Franklin Half Dollar Design

John R. Sinnock based the obverse design of the new Franklin Half Dollar on a bust of Franklin in marble by Jean-Antoine Houdon. The French artist Houdon had made the bust in 1778, when Franklin was in France, promoting the cause of the new nation. On the Franklin Half Dollar the bust is facing to the right, with LIBERTY above the head, and IN GOD WE TRUST below. The date is directly in front of the bust. Sinnock had made an earlier medal with the same bust of Franklin and basically copied it directly for use on the Franklin Half Dollar.


The reverse features a design which had already been used on a half dollar commemorating the sesquicentennial of American Independence in 1926. It features the Liberty Bell, viewed from the front, with the characteristic crack clearly displayed on it. This crack would lead to some criticism (from Commission of Fine Arts) which would lead to nothing when the coins were eventually released. Another part of the reverse design (finished by Roberts after the death of Sinnock) also critiqued was the small eagle, which is placed to the right of the Liberty Bell, as mandated by law. It was considered to be too small, which is true, especially so compared to previous designs, which featured the eagle quite prominently. Both of these points, however, would not appear to become any point for the American public.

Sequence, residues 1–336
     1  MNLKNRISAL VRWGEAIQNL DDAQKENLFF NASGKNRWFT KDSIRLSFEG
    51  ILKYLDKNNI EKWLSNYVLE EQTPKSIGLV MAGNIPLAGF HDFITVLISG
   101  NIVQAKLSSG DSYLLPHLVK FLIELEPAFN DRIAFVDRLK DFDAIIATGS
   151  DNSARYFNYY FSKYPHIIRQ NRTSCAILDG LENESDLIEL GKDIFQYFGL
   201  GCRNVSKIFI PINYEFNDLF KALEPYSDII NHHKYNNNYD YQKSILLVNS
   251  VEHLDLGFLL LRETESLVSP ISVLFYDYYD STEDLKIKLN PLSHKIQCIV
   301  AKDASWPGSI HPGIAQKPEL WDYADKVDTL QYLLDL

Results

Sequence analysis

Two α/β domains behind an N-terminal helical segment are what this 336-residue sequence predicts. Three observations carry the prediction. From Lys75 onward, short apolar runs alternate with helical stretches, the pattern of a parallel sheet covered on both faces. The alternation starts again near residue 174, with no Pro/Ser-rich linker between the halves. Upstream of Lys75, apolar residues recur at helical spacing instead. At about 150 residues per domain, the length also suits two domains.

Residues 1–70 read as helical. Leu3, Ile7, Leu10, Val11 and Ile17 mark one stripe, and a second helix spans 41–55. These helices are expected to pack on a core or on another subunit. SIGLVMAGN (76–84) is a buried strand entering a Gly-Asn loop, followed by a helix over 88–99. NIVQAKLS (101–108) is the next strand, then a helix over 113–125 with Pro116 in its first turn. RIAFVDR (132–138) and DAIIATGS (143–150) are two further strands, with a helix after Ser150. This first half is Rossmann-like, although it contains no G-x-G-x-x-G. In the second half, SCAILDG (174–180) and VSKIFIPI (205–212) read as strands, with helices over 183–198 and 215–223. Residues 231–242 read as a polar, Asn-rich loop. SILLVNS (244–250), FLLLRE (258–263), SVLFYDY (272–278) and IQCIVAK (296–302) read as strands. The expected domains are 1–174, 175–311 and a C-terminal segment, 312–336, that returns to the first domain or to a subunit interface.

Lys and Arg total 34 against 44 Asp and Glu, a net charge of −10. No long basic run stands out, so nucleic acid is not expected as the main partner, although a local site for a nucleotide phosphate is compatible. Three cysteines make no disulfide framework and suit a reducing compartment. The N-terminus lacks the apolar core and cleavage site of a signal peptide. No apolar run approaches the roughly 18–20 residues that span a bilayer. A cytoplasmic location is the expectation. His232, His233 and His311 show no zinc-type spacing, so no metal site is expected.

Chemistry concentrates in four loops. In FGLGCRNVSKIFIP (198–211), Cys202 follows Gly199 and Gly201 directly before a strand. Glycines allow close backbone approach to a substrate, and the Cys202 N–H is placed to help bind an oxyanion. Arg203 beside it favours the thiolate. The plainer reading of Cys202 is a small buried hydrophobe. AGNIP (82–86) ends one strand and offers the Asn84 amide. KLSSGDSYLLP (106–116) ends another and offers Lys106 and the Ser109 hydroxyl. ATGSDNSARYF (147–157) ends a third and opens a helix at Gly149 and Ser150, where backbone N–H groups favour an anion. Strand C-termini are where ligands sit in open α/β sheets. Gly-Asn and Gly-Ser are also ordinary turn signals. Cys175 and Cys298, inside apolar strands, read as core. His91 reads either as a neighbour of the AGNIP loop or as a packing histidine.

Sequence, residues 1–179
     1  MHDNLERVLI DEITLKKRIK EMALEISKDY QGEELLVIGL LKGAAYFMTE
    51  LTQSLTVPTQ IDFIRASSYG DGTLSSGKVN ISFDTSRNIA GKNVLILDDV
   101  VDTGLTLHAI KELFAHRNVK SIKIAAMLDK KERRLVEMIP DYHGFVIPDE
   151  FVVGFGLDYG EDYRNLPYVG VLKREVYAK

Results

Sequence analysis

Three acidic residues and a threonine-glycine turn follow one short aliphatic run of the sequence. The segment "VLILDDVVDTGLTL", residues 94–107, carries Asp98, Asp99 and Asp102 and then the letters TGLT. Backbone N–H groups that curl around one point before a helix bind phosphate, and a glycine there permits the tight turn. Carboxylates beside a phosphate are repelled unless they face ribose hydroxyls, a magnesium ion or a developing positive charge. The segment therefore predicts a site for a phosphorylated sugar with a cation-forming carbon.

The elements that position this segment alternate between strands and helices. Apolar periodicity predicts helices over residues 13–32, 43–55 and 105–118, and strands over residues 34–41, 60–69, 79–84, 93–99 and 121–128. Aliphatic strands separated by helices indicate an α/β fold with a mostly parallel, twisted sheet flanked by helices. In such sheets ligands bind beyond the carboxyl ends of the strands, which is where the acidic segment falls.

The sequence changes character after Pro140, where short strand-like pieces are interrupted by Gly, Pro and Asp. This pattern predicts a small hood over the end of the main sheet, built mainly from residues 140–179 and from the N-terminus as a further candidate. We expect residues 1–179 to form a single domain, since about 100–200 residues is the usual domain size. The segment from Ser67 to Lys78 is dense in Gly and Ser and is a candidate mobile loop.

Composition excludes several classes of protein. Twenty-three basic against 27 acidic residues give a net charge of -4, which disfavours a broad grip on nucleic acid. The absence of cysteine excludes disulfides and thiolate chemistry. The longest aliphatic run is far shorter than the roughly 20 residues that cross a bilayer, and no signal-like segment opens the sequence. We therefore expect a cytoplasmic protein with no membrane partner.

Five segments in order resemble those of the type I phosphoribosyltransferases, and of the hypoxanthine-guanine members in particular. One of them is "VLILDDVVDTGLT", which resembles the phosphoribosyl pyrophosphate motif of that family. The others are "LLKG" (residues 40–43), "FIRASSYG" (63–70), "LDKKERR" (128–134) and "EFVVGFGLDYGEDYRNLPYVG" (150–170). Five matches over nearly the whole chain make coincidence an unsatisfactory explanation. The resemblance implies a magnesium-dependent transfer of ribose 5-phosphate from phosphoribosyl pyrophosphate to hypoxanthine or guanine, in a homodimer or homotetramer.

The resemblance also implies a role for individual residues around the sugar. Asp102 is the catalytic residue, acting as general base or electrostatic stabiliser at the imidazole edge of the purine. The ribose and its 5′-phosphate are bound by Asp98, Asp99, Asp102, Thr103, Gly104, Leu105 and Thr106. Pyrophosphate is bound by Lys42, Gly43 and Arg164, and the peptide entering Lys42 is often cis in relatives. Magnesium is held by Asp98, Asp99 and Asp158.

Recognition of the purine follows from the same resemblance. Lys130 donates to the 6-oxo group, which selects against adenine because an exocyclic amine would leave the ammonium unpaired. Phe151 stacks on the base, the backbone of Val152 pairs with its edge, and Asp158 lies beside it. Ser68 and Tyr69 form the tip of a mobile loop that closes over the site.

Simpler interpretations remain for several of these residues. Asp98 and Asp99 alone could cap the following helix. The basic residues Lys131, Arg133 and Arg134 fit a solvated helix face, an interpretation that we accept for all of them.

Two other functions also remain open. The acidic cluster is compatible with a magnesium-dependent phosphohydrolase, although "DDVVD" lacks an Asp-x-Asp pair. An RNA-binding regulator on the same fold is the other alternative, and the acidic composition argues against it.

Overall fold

Other parts of the reverse design include the denomination, HALF DOLLAR, placed directly under the Liberty Bell. UNITED STATES OF AMERICA is above the Liberty Bell, with the motto, E PLURIBUS UNUM placed to the left of it.

Both obverse and reverse design would essentially remain unchanged throughout the fifteen year lifespan of the series. Some parts, however, were slightly altered to improve the general quality, such as the eagle on the reverse in the mid 1950s. Since the advent of commercial coin grading the reverse has become more important than ever, as coins are not only graded by their general quality, but also by the strike as judged by the horizontal lines on the Liberty Bell. Coins with unbroken, full lines (called “Full Bell Lines”, or FBL) can be worth considerably more for some issues.